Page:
cp -R /etc/xdg/openbox ~/.config/

These files can be edited by hand, although some graphical tools are also available, use of these may be desired.


Themes and Appearance

obconf and lxappearance-obconf can be used to configure appearance and theme of openbox session. There are quite a few themes available in openbox-themes package. My personal favorite is Numix-themes and Numix-icon-theme-git (AUR).

In order to see changes after editing a configuration file, open box needs to be refreshed. This can be done with the reconfigure command.

openbox --reconfigure

The type and behavior of Openbox menus, accessible by right-clicking the background, can be changed using ~/.config/openbox/menu.xml file. Openbox provides two kinds of menus, Static, and Dynamic menus (Piped and Generators)

Static menus are hard code in XML and is stored in menu.xml file. Whenever you install a new application, you will have to manually update the XML file to update the menu. This is a viable solution if the applications are bot installed on a day to day basis.

Pipe menus are the sections of openbox menu which openbox creates on the fly, by running a generic script and using its plain text output as menu entries. This scheme can used in different ways like adding a mail checker in the menu, or adding a weather forecast menu. You can check openbox pipe menu page for more information.

Generators are the most convenient type of menus. These can be found in most desktop environments where applications show up in the menu automatically. If applications are being installed on a regular basis, then this will probably be the preferred choice.

Static Menus

The process of making these menus can be automated by static menu generator like obmenu. It will generate static menus from installed applications by looking into certain directories. Others available tools are menumaker, obmenu and xdg-menu.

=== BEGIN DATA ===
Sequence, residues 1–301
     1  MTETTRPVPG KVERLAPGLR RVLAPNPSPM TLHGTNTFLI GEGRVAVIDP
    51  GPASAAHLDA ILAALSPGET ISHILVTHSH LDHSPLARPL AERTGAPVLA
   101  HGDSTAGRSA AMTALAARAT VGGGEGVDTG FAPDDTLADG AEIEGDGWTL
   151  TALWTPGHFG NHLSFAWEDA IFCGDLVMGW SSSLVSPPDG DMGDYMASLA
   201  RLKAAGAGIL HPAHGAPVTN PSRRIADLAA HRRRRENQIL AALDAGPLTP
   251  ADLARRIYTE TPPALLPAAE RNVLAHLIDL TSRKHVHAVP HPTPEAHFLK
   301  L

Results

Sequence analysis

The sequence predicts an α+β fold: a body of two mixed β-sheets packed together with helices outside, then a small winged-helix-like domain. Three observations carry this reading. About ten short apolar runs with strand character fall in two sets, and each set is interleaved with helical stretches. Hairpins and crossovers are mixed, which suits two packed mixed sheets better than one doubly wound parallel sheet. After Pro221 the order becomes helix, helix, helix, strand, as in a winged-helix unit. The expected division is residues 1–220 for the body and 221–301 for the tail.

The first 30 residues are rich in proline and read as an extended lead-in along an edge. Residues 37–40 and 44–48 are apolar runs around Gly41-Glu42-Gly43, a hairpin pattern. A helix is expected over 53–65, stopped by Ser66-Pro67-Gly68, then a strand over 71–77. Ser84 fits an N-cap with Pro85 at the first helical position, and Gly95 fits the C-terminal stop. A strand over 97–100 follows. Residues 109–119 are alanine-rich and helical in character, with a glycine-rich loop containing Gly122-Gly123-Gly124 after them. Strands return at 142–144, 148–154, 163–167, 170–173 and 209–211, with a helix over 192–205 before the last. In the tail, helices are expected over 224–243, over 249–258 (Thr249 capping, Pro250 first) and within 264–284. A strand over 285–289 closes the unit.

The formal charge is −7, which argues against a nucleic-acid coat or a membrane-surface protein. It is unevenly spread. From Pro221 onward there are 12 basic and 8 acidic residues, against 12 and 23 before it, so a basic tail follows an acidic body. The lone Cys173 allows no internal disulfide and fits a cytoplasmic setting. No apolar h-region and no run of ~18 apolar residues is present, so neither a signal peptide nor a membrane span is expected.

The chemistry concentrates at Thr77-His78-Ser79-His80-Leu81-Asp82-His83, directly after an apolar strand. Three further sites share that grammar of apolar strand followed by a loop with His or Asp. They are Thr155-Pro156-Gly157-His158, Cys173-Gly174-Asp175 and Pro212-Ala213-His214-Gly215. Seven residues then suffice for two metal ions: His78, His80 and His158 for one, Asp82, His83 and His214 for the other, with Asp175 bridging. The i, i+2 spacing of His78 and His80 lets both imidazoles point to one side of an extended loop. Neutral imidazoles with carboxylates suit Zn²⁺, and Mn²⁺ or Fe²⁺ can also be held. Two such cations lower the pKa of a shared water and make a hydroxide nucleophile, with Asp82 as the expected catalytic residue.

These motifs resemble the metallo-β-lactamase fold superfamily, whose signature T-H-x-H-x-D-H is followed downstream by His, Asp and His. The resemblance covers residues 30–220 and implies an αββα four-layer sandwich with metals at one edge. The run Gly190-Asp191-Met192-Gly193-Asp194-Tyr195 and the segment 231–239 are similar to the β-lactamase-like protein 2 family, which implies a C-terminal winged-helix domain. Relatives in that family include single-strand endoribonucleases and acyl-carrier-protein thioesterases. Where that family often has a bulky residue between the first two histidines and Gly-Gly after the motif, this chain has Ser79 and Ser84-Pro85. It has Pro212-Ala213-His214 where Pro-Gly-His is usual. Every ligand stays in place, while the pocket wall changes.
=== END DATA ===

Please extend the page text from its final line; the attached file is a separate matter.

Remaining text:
Dynamic Menus

Dynamic menus give the same kind of functionality most people are used to. So it was my preferred choice. They can be used to generate full, complex menus on the fly. One of the most popular application for generating dynamic menus is obmenu-generator (AUR). Though it is not officially connected to openbox but it is widely used.

In order to have obmenu-generator (AUR) make a menu on demand, the menu.xml file should contain the following code as the only entry.

<?xml version="1.0" encoding="UTF-8"?>
<openbox_menu>
    <menu id="root-menu" label="OpenBox 3" execute="/usr/bin/obmenu-generator"></menu>
</openbox_menu>

Panels and Taskbars

You can get any panel like xfce4-panel or the simple and customizable tint2. I chose tint2 because it very closely follows the openbox spirit of having easy customization with plain configuration files. tint2 package also containg a graphical tool tint2conf for customizing panel and you can obviously go right to the tint2 configuration file and edit it there. This also means it is easy to pick up your configuration file and move it to another computer, or restore an old configuration since it is as simple as pasting a text document in the right place. tint2 can also have sections for each individual desktop and has various small widget like programs that can be used with it such as a calendar, gsimplecal, a volume application, volumeicon, a battery indicator, cbatticon, a network indicator like wicd which also have a system tray icon and a mini task tray. To start tint2 with openbox, you need to add tint2 & to the autostart file.